Questions and answers

Real questions from community groups and constituents with Robbi's responses. 

Q: What is your position on development of Olympia's waterfront?

I will make case by case decisions based on the available data and information. I cannot say for certain how I would vote on a specific project until such time that final staff reports and recommendations are made, and public comment has closed.


Some great things about Olympia are that we have good walking paths, parks, views, and close-knit neighborhoods. I generally plan to support policies that favor keeping Olympia green and protecting the environment. Parks and greenspace are big parts of having a livable community. Being mindful of traffic and noise is part of that too. I would not support a project that does not have reasonable mitigation for traffic, noise, and environmental impacts.  As a Native American I grew up in a culture very sensitive to environmental issues. In the Northwest the shorelines, sea life, and water quality are particularly important.


There is no question that any development is going to take something away from the natural setting and have an impact. However, I appreciate that development done correctly can enhance an area. Developing and fostering policies that promote a livable community are not mutually exclusive. The right developments have the ability to enhance Olympia—as they can add tax revenue, add housing, bring more commerce to Olympia, and in certain cases clean up an eyesore. I would likely support projects if the project plans are able to meet requirements from relevant agencies for environmental factors (if the project includes ways to protect the waterways and improve the shoreline), if the plans are able to mitigate other concerns (e.g. traffic concerns), and if the project includes ways to enhance the area. (February 18, 2021)

Q: What do you most want to accomplish as an elected official?

Shifting the Olympia City Council's focus from broad political ideology to community level, city government specific work.  I will use my critical thinking skills to improve livability by supporting policies and actions that take attainable steps toward progress on the goals set forth in the Comprehensive Plan and the priorities identified by the community. (March 4, 2021)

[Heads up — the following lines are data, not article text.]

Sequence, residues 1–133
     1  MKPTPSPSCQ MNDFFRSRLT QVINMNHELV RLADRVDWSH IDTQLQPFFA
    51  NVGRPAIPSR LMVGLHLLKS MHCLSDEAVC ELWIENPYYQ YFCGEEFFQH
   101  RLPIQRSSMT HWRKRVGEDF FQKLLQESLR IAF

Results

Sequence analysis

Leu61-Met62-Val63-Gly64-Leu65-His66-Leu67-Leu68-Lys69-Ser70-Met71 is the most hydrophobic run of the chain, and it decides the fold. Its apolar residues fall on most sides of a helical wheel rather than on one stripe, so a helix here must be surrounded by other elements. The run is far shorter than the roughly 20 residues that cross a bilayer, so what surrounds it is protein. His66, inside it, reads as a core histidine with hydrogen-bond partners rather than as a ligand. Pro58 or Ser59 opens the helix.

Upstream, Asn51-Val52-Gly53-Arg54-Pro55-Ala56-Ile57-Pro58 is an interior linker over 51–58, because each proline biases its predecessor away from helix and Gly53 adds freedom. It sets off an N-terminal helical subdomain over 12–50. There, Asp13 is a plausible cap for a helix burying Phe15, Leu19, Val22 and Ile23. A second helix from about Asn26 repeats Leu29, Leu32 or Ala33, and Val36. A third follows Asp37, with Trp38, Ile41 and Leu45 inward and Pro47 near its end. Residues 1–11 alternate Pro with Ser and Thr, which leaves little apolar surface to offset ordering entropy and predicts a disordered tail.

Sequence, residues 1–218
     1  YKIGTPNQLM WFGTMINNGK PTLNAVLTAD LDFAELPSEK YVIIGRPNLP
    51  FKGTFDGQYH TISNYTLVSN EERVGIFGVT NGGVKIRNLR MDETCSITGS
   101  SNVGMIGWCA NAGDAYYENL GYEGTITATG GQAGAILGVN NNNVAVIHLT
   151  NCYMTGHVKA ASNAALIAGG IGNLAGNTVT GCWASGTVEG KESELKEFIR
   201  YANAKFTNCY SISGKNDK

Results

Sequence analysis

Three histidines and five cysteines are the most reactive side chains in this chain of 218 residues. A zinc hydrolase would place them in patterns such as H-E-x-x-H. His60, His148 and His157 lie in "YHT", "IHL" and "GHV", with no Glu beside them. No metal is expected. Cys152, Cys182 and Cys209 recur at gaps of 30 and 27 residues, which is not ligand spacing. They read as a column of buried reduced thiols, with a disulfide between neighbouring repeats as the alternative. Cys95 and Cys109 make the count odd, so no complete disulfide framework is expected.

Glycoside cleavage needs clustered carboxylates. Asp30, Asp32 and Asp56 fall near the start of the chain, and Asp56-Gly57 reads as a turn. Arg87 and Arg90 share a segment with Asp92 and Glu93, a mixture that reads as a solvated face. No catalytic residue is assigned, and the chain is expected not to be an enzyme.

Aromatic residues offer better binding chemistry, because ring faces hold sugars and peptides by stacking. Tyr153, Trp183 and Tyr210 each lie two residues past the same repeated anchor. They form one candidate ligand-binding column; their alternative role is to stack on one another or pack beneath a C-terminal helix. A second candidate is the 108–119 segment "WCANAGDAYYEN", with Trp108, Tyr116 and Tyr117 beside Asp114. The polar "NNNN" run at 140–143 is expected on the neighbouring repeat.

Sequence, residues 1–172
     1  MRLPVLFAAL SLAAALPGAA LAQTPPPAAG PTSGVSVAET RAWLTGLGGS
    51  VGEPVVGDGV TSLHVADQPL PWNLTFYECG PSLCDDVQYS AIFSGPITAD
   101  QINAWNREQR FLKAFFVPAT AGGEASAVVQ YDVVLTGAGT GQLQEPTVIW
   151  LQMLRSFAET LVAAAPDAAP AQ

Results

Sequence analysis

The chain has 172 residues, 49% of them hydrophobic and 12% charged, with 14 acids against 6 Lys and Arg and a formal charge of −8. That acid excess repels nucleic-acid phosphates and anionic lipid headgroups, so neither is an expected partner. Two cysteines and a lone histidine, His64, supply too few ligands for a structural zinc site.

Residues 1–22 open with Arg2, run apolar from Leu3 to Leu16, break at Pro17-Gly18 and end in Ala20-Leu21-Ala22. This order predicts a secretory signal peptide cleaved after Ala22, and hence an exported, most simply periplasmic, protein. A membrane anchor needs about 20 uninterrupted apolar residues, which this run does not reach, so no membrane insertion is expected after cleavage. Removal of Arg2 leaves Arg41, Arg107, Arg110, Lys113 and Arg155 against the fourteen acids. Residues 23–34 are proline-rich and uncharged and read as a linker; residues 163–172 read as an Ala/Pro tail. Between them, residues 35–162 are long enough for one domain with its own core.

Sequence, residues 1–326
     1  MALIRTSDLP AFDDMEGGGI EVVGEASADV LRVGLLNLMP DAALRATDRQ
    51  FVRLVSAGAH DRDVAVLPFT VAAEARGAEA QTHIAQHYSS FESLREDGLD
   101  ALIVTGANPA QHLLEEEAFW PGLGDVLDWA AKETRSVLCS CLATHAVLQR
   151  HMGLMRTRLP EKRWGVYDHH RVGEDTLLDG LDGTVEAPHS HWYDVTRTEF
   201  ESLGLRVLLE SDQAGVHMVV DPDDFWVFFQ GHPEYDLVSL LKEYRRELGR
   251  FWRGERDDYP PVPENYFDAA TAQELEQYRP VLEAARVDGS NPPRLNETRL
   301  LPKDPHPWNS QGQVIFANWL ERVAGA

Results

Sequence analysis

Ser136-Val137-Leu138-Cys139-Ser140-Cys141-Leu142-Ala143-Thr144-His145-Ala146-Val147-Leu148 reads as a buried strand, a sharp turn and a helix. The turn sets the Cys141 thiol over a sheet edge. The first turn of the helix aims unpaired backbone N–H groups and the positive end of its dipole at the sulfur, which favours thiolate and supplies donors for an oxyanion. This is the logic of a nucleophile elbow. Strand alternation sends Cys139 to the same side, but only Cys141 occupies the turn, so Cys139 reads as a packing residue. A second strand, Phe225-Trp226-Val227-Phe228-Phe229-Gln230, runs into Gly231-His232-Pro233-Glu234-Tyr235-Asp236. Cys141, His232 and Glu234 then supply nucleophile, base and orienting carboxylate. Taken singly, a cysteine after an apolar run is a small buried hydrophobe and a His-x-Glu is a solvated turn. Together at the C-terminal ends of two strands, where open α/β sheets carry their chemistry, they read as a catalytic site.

Q: What is your position on Collective Bargaining [as a Councilmember directing management]?

Collective Bargaining is an important practice that gives individual workers power to amplify their voice and protect their rights as employees.  I witnessed the importance of this as a child by watching my dad and stepdad participate in IBEW (they are both retired linemen) to ensure important worker protections related to salary, benefits, safety, and advancement.  As a Councilmember I will be mindful of not only the cost during negotiations, but also the benefit of protecting working conditions to ensure Olympia benefits from retention of employees and stays attractive to future recruits. (March 4, 2021)

Q: How much do you pay in rent (or if you own your home, what's your mortgage payment)?

I have a broad range of personal experience when it comes to housing. I rented while in college (Seattle) and law school (Phoenix area). I had to obtain student loans to afford rent while attending school and then studying for the bar exam.


I continued to rent for a couple of years after obtaining employment—and while paying rent I was paying student loans that were in part obligations related to past rent.

In 2008, housing prices were skyrocketing (for that time). My husband and I purchased a home at the top of our price range. We thought we had better get a house before prices soared even higher. The market dropped significantly soon after our purchase and we were upside down in our mortgage.  In 2014 I saw a listing for a foreclosed (bank owned) condo in Olympia near my husband’s office. We purchased the condo in order to downsize and live in a more walkable area - and then tried to sell our first house. The house we purchased in 2008 did not attract any offers despite several price drops. We were forced to become landlords to afford both mortgages—the rent income did not cover the mortgage on that first house, but obviously helped.  We were eventually able to sell the first house after renting it for a time. Prices recovered by the time of sale, but purchasing the first house was not a good investment—in retrospect, renting would have been a better personal financial decision between 2008 and 2014.


My current housing situation is that I live with my family of four in that condo - approximately 1300 square ft. in a twenty-four unit community in Olympia's west side; I have no mortgage at this time (we recently paid off the loan thanks to the low purchase price several years ago and recent professional success) but pay property taxes, insurance, and $440 per month in HOA dues for common area maintenance and some utilities.